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Now suddenly, like a flash of light in the dark of night, they saw their own fault: “His brothers were envious of him” [37:11]. Now they saw their own fault: “His brothers were envious of him” [37:11]. Now they saw that they had been blinded by envy, and that his dreams were true portents which had now been fulfilled, and that they had committed a great wrong to a brother of the highest character. Now they realized that they had bowed down not to an Egyptian, but to their brother Yoseph, just as he had dreamed. The Sages understand this episode as a model of what transpires when a man finally comes before the great judge Who suddenly confronts him with the full truth of his true motives and reveals to him the enormity of their misdeeds, at that time, the accused becomes unable to answer, and all his excuses and self-justifications fall away.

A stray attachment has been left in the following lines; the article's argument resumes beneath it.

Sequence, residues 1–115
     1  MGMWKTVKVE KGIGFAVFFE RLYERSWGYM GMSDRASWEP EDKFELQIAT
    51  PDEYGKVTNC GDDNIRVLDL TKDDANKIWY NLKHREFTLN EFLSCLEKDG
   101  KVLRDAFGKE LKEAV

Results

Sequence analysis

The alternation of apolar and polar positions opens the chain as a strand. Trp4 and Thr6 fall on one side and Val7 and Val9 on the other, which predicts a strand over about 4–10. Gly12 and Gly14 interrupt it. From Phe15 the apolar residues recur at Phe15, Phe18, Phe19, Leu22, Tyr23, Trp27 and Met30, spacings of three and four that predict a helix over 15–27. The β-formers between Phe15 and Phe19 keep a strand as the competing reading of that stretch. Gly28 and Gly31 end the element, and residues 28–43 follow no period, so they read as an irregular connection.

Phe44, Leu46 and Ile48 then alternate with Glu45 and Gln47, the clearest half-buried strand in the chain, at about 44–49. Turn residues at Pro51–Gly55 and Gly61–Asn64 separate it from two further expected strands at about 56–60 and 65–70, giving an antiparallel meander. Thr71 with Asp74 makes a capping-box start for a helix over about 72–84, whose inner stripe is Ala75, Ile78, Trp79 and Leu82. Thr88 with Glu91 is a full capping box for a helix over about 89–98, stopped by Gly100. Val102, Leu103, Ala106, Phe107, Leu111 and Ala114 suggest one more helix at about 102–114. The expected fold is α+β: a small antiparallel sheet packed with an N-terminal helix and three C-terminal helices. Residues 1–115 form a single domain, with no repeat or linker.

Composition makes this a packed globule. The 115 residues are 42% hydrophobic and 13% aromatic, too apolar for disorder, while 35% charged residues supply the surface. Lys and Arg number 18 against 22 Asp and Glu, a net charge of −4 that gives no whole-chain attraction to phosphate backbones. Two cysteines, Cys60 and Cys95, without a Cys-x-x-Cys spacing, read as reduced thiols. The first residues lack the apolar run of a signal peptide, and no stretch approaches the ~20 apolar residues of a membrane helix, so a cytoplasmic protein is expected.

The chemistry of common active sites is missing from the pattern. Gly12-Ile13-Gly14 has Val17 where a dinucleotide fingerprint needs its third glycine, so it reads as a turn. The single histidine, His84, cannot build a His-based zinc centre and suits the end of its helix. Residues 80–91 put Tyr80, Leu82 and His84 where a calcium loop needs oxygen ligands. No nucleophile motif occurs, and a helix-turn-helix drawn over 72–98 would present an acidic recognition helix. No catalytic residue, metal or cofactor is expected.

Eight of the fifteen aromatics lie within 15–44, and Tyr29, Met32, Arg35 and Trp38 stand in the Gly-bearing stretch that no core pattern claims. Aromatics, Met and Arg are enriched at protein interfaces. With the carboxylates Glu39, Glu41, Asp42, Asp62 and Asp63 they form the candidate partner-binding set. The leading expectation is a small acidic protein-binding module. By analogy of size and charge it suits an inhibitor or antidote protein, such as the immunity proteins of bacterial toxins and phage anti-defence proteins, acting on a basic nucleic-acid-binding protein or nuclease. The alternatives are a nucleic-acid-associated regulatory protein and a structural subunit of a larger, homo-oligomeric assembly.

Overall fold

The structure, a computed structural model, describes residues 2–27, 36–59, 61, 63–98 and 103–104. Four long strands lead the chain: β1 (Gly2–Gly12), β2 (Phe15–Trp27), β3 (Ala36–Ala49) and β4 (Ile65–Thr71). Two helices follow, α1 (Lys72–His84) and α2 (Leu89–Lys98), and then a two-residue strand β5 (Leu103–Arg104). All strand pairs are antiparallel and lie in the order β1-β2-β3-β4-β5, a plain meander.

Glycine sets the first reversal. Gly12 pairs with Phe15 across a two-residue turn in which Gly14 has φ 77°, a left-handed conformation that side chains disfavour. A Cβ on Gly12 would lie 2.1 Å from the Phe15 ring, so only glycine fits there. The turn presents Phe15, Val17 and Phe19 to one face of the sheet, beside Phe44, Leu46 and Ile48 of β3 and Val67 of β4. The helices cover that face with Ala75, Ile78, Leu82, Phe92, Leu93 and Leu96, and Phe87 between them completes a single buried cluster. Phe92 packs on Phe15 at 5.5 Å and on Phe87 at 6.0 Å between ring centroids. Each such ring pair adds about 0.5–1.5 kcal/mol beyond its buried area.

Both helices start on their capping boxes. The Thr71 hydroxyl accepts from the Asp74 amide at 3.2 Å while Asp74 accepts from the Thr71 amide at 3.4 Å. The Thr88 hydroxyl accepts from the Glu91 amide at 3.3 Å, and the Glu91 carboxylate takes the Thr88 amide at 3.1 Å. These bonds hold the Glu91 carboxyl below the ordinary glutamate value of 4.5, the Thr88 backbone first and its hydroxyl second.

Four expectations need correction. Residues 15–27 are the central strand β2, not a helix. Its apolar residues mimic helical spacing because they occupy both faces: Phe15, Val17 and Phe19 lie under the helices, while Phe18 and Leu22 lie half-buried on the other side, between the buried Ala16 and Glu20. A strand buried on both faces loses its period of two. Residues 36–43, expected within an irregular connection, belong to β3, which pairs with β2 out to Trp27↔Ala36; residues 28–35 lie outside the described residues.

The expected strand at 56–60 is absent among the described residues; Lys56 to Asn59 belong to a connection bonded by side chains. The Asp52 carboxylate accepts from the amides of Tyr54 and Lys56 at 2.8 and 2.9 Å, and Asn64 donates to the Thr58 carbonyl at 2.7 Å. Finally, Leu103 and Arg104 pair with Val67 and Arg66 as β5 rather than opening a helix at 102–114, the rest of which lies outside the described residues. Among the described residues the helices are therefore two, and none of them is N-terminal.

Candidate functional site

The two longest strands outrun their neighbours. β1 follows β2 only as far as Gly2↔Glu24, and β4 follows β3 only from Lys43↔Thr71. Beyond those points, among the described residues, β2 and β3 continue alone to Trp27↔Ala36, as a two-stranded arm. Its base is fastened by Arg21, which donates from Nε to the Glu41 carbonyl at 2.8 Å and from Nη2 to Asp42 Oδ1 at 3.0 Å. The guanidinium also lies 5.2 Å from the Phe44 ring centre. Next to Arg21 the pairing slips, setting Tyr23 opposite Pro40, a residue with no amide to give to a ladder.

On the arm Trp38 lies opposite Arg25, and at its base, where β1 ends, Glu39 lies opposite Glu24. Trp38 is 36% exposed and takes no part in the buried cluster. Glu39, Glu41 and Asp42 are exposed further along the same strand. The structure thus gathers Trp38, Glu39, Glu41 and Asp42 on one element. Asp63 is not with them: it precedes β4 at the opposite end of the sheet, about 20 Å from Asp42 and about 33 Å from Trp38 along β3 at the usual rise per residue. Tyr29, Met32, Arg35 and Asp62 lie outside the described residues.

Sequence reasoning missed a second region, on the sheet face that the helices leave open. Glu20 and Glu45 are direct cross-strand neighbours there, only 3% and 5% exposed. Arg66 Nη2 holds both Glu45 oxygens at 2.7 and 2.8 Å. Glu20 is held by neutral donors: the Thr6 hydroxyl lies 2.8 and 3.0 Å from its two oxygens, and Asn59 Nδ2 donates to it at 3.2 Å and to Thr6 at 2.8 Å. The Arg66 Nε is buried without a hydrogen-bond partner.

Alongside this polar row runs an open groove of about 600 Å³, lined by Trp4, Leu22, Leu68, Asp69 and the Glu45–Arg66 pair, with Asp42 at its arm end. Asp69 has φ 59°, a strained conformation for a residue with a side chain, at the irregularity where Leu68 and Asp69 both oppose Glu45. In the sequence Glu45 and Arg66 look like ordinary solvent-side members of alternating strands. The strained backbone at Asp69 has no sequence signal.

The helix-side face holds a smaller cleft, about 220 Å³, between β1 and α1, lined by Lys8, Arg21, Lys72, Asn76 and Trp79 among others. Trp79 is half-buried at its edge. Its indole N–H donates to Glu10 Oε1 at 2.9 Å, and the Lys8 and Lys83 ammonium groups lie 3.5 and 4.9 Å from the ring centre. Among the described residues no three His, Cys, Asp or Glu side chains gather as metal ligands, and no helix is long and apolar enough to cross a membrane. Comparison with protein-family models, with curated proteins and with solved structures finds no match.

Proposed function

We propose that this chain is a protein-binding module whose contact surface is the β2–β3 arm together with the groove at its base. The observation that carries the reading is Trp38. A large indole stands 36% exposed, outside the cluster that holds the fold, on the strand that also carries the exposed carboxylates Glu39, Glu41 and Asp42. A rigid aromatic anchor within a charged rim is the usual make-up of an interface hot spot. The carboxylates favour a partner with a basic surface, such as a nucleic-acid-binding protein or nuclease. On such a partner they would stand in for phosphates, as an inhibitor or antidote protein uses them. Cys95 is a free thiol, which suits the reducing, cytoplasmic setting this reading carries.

The Meam Loez tells us that upon hearing Yoseph announcement, the brothers were so ashamed that they hid their faces. They were embarrassed even to look at him. Yoseph spoke to them gently, and said, “Please come close to me.” 
The Midrash says that another reason Yoseph told them to come close was that he wanted to show them something private, his circumcision. The brothers would not believe him until he showed them his mark of circumcision.